mod_gzip is out of the question because as far as I've understood it it does a compression on the fly, every time you request the file.
Other solutions have disappointed me because enabling gzip compression has been for all content. I don't want my HTML files gzipped because they're rendered on the fly based on business logic plus by compressing the HTML files. Long story short my yet-to-be-released app now serves the following files from Zope but are only compressed and whitespace slimmed once per server restart:
FILE ORIG SIZE NEW SIZE REDUCTION screen.css 15224 2738 556% print.css 2633 885 298% jquery-latest.js* 57712 18130 318% jquery-latest.pack.js 20461 10513 195% common.js 3803 1131 336% complete-expense.js 18184 2847 639% Total 118017 36244 326% * only used in debug mode
Yes that's right. The static files are now 326% smaller in file size and since the complexity is
O(1) the CPU overhead is virtually none. What's cool about this is as an application developer I don't have to worry about it once the files have been set on the class. I never actually see the slimmed or compressed files. The code is also clever enough to serve the uncompressed version of the file if the server doesn't accept gzip using
To make things even more optimized; add the fact that I'm running this Zope behind Squid and with this command:
# nice -n 20 ab2 -n1000 -c10 http://XXX/misc_/MExpenses/screen.css
I get this lovely result:
Concurrency Level: 10 Time taken for tests: 0.372630 seconds Complete requests: 1000 Failed requests: 0 Write errors: 0 Total transferred: 3168000 bytes HTML transferred: 2738000 bytes Requests per second: 2683.63 [#/sec] (mean) Time per request: 3.726 [ms] (mean) Time per request: 0.373 [ms] (mean, across all concurrent requests) Transfer rate: 8300.46 [Kbytes/sec] received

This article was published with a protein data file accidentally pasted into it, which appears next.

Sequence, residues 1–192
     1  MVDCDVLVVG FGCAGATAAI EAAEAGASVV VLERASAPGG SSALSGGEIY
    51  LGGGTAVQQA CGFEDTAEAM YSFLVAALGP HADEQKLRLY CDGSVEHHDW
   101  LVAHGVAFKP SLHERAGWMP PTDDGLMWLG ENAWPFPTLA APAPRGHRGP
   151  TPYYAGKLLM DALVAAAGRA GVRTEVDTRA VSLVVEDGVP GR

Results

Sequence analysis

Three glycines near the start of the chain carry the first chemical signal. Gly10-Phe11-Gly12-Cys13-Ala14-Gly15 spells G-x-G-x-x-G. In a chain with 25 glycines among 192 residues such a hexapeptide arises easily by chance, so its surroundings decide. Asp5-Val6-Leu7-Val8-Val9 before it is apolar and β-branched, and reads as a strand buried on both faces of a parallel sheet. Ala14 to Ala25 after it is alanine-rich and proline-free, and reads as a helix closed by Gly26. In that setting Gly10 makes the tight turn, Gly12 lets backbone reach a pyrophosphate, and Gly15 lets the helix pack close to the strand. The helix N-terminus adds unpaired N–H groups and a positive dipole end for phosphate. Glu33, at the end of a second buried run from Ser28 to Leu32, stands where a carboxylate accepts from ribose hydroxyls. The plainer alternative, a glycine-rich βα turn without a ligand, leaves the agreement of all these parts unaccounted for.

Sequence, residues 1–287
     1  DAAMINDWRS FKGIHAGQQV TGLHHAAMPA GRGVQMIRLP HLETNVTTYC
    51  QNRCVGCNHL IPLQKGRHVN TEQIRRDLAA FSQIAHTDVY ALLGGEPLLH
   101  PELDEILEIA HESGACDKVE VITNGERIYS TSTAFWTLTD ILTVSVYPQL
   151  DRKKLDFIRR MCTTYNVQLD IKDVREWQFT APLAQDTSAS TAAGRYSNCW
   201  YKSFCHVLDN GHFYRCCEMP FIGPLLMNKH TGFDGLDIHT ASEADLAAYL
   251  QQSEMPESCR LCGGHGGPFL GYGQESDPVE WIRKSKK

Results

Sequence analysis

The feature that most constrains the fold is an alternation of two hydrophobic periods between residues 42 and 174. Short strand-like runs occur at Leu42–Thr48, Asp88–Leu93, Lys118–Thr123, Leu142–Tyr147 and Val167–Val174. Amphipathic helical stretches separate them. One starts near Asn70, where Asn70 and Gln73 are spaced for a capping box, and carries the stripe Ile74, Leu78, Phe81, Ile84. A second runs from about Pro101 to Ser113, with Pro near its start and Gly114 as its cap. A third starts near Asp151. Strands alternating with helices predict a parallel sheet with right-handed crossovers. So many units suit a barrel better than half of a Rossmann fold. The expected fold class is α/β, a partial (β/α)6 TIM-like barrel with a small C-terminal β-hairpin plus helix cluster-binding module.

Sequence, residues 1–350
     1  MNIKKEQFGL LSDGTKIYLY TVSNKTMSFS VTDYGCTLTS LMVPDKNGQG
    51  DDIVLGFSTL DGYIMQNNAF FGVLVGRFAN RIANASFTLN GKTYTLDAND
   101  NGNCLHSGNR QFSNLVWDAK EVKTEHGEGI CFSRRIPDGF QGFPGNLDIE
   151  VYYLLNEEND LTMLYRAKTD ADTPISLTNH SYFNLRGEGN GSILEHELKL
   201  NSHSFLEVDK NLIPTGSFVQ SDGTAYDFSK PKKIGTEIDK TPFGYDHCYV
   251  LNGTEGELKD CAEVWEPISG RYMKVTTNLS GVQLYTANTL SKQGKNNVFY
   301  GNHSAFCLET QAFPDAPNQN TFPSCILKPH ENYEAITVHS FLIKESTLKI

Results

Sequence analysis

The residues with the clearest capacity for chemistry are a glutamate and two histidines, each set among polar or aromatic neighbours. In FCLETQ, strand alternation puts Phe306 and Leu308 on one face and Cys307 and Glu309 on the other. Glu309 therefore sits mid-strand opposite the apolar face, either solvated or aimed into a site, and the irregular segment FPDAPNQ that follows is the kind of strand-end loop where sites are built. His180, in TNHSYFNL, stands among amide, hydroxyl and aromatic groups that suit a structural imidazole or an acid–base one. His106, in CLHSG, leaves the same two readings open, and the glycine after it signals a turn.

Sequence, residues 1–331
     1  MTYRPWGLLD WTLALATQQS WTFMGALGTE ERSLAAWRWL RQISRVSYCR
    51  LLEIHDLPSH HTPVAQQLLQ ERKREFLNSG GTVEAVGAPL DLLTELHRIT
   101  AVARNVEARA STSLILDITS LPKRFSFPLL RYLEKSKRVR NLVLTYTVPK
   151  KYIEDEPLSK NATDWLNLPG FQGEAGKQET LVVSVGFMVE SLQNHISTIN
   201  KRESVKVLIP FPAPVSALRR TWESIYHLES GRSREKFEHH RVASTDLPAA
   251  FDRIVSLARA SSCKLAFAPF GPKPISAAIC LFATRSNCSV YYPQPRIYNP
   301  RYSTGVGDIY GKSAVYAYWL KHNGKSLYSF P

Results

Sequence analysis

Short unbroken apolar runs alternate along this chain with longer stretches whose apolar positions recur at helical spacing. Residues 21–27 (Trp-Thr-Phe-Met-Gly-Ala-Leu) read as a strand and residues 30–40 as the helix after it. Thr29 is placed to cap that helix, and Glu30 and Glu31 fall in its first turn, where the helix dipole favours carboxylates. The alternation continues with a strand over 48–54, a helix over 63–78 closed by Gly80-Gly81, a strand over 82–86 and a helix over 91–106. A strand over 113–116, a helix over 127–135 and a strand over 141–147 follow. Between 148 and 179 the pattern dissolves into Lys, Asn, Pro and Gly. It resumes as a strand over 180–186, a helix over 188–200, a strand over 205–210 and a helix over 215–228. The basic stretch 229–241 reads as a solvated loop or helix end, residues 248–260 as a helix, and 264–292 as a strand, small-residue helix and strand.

Bare in mind that this is also proxied by Apache2 to get the extra comfort that Apache2 gives us.
Doing the same benchmark on the screen.css file WITH Squid but without gzipping and slimming it I get this result:
Concurrency Level: 10 Time taken for tests: 1.471274 seconds Complete requests: 1000 Failed requests: 0 Write errors: 0 Total transferred: 15613552 bytes HTML transferred: 15224000 bytes Requests per second: 679.68 [#/sec] (mean) Time per request: 14.713 [ms] (mean) Time per request: 1.471 [ms] (mean, across all concurrent requests) Transfer rate: 10363.13 [Kbytes/sec] received
(Without Squid caching, my Zope in this instance does 242.4 [#/sec] for the same file)
Apart from making Zope does less hard work for stupid static files, I've managed to go from 242 requests per second up to 2684 requests per second. Not bad :)